In the meantime, I made another batch of pesto to freeze.  Whew.  Almost done with that job for the year.

And yesterday, I spent a really nice morning at the beach doing a beach cleanup.  You grab a bag, put on gloves, and go clean up the crap that washes up (or that people leave) on the beach.  It's quite a workout, actually, since your bag will eventually get quite heavy (I picked up about 25 lbs worth of trash) and you're climbing on rocks and trudging across the sand with said bag.

And occasionally, you'll have to drag in a rusted out old lobster trap or some other oddity that you happen upon.

But it's a great feeling at the end of a couple of hours, seeing all of those bags that all of the volunteers filled being loaded onto a truck and knowing that this stuff is no longer clogging up the shoreline.

In a similar vein, I'm trying to put the finishing touches on a couple of blankets and then they'll be ready to give to Project Linus (the homemade blankets go to families and children in need).  I have a couple that I made with the scraps of yarn I have left over from all of my other projects: if you knit as much as I do, eventually, you have huge quantities of leftover yarn--not enough to make any single item, but (eventually) enough to make a scrap-based blanket.  Or two.  Or three.  So that's what I've been doing.

Frugality and productivity rule.  I think it's clear that those are some serious habits of mine (addictions, some might say).

But don't worry: if I finish what I have planned and get my homework done today, I've promised myself I can go out and play tomorrow.  So, on that note...

Friday, September 14, 2012

Force of Habit

I've been reading Charles Duhigg's The Power of Habit: Why We Do What We Do in Life and Business.  It's extremely interesting and engaging reading for anyone who has ever wondered why they do the things they do and can't seem to stop doing them, even though they may know full well that those things are not good or useful--even if they're not particularly "bad," per se.

Duhigg's book examines the latest research on the function and formation of habits and explores a wide range of examples from business, athletics and everyday life.

How come some people can suddenly decide to lose 30 lbs, quit smoking and radically change their lives, while others can't resist a chocolate chip cookie for more than 30 seconds?

Habit.

Most of what we do, we do without thinking.  (That includes those of us who dub ourselves "the thinker.")  As Duhigg observes, a 2006 study "found that more than 40 percent of the actions people performed each day weren't actual decisions, but habits." 

Habits serve a cognitive purpose.  The brain can't function efficiently unless it does something called "chunking"--it converts specific sequences of actions into automatic routines so that you don't have to think about them every single time you do them (Duhigg uses the example of backing your car out of the driveway).

At the same time, however, there are definitely times when it's in our best interests to pay attention, so the brain has that contingency covered as well.  When mentally surveying any activity, the brain looks for a "cue" to indicate that it's okay to switch on the auto-pilot and resort to a habitual pattern.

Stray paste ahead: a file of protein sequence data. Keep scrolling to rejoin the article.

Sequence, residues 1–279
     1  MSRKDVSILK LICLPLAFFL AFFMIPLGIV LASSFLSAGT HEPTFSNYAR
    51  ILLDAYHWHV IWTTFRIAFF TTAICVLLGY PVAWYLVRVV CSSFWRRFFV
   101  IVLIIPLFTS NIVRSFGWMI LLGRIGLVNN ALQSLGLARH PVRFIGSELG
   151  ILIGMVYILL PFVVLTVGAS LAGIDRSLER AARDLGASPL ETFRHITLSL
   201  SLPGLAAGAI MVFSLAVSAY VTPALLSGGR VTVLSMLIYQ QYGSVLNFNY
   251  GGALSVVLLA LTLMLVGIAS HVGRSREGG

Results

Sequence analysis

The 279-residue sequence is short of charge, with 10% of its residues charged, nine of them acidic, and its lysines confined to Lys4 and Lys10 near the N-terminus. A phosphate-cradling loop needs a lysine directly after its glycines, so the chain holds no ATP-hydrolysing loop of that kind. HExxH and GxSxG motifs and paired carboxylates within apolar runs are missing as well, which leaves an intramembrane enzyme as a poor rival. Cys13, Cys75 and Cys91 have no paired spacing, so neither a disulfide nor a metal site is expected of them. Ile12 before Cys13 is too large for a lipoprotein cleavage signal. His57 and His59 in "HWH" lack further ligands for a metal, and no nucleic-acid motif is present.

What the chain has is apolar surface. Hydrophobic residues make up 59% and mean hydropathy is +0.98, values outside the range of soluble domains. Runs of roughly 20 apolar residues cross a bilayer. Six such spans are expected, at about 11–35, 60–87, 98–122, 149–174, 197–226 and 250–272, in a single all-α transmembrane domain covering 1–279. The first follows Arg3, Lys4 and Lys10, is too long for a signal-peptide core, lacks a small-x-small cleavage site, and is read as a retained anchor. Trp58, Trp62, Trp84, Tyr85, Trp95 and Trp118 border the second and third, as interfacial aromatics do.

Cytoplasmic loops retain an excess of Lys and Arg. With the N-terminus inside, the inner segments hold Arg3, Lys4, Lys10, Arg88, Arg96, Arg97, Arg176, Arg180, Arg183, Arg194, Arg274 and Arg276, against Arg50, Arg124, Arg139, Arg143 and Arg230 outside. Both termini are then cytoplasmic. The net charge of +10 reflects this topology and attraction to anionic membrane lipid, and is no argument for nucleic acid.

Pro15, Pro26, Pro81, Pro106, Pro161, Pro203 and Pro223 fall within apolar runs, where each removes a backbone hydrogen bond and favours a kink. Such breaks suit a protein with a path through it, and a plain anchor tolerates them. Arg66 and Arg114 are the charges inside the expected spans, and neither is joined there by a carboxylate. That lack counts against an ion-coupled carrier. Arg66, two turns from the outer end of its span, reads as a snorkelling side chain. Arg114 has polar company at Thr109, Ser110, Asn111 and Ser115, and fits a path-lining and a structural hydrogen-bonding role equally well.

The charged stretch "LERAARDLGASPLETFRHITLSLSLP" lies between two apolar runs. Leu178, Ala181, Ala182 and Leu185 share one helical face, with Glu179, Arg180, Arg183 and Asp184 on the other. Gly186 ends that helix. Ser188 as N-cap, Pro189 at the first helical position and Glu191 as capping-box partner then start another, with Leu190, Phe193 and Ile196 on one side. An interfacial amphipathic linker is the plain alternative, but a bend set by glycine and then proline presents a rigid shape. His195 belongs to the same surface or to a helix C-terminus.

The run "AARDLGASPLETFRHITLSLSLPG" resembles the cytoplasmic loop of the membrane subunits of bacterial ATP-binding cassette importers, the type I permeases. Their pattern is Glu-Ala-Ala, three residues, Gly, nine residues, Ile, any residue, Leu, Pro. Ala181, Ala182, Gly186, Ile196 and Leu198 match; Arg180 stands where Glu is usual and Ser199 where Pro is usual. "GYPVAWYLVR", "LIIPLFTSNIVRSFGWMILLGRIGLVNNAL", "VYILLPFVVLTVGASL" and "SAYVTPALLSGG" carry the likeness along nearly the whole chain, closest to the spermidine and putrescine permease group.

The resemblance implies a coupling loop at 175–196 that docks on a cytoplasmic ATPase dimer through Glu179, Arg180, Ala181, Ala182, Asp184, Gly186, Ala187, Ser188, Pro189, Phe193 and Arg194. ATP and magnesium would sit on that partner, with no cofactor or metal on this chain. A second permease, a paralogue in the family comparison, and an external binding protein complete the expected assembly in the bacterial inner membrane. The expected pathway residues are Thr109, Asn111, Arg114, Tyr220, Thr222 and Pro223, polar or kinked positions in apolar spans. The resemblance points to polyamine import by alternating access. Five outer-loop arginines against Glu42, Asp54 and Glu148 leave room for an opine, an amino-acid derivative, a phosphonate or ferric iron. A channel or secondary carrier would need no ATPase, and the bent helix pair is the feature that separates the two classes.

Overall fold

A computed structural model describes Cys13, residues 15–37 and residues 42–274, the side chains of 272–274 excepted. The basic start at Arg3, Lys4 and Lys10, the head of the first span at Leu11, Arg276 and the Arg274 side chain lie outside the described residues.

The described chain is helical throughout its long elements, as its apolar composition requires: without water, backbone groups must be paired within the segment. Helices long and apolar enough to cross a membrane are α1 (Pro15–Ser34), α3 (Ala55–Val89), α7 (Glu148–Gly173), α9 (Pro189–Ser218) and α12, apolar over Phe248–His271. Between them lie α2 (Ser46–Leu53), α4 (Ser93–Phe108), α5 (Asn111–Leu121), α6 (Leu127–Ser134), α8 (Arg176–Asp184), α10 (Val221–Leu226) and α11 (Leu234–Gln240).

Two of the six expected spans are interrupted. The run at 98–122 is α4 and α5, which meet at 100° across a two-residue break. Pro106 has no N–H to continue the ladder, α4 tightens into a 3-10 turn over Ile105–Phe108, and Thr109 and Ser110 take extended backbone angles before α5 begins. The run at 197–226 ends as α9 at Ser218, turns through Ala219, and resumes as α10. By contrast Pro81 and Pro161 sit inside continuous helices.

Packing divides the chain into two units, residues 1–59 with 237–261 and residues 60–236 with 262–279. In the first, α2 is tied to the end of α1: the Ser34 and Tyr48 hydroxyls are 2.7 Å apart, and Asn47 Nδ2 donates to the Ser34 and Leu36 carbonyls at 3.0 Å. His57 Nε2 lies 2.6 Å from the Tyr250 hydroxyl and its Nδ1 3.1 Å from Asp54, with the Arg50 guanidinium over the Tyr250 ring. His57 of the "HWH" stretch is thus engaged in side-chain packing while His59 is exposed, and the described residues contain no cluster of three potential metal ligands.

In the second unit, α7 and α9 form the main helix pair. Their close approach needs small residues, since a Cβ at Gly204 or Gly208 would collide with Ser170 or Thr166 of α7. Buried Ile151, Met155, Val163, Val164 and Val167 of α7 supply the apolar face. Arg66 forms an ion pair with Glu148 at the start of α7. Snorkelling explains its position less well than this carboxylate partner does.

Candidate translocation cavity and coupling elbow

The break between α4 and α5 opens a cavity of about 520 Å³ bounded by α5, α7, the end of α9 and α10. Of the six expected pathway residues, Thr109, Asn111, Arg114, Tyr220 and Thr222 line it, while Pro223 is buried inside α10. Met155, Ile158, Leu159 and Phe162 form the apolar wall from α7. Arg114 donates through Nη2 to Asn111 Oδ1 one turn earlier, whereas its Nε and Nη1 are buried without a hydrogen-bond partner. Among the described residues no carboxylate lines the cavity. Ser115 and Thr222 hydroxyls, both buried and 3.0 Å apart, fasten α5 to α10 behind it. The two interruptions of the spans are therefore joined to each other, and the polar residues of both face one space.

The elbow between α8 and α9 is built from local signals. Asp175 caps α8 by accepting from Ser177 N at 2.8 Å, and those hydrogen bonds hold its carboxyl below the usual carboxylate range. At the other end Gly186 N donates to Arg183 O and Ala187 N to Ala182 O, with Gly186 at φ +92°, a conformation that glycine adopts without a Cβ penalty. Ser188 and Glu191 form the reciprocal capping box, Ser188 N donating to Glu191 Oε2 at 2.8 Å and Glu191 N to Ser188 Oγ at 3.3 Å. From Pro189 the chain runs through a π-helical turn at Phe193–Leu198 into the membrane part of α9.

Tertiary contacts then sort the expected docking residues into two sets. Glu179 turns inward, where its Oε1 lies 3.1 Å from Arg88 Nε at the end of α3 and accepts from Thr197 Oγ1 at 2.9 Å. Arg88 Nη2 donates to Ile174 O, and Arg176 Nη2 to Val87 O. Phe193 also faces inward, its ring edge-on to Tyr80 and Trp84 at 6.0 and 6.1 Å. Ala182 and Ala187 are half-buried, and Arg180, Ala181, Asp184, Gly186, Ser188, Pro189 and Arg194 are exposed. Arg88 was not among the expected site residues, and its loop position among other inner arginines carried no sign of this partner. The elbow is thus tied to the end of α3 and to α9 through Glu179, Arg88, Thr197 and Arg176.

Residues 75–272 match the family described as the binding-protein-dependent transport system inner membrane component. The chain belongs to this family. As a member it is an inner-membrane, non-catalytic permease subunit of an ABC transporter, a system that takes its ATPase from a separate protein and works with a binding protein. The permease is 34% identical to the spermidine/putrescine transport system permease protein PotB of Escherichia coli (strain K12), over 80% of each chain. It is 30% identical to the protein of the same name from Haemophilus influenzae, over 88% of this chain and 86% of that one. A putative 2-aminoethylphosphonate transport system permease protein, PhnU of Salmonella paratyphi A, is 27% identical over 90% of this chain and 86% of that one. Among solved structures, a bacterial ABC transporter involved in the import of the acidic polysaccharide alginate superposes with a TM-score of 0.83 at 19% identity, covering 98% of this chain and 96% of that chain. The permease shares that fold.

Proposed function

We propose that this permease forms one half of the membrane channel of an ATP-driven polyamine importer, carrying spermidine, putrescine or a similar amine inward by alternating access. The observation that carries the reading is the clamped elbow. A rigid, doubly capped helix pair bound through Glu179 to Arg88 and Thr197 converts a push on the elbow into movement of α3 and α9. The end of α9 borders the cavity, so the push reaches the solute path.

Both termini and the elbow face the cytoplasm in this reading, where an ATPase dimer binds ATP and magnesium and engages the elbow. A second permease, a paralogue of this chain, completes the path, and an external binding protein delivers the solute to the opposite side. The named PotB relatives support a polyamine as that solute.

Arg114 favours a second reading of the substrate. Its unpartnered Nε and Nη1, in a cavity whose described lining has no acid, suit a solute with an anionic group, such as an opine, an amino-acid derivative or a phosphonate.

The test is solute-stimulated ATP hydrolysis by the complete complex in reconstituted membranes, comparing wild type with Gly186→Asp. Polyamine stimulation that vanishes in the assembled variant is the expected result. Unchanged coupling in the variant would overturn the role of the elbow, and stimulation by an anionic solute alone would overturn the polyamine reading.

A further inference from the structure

The result, Duhigg argues, is "the habit loop": an initial "cue" triggers an automatic response or "routine" which results in a "reward."  The "reward" is what alerts your brain that this pattern is worth remembering and making into a habit.  As Duhigg observes, "Over time, this loop--cue, routine, reward; cue, routine, reward--becomes more and more automatic.  The cue and reward become intertwined until a powerful sense of anticipation and craving emerges."
    
So, in order to stop doing something we wish we didn't do, we first have to notice that we're doing it and then figure out why exactly we're doing it.  We need to isolate the "cue," identify the "routine," and consider the "reward."

But awareness is only step 1.

As numerous brain scans have shown, habits never disappear.  The automatic patterns are always there, lying in wait in your brain.  This is why habits are so hard to break, why addictions are so devastatingly durable, and why change is so difficult.

The good news is, habits can be overwritten--and overridden-- by new neurological patterns.  People can stop biting their nails, addicts can quit, and everyone can change.  But first they need to know how.

This is the substance of Duhigg's book: he examines the way in which habit functions in order to suggest what works--and doesn't work--in the making and breaking of habitual behaviors.  (On his website, Duhigg offers a flowchart for "How to Change a Habit.)

Some habits, for example, are more potent.  Known as "keystone habits," these behaviors "start a process that, over time, transforms everything"--as Duhigg notes, "The habits that matter most are the ones that, when they start to shift, dislodge and remake other patterns."

As Duhigg points out, "Keystone habits offer what is known within academic literature as 'small wins.'  They help other habits to flourish by creating new structures, and they establish cultures where change becomes contagious."

Keystone habits help to explain why productive and successful people are often productive and successful in many ways.  Simply put, they have a few good habits, and those habits set the stage for other good habits.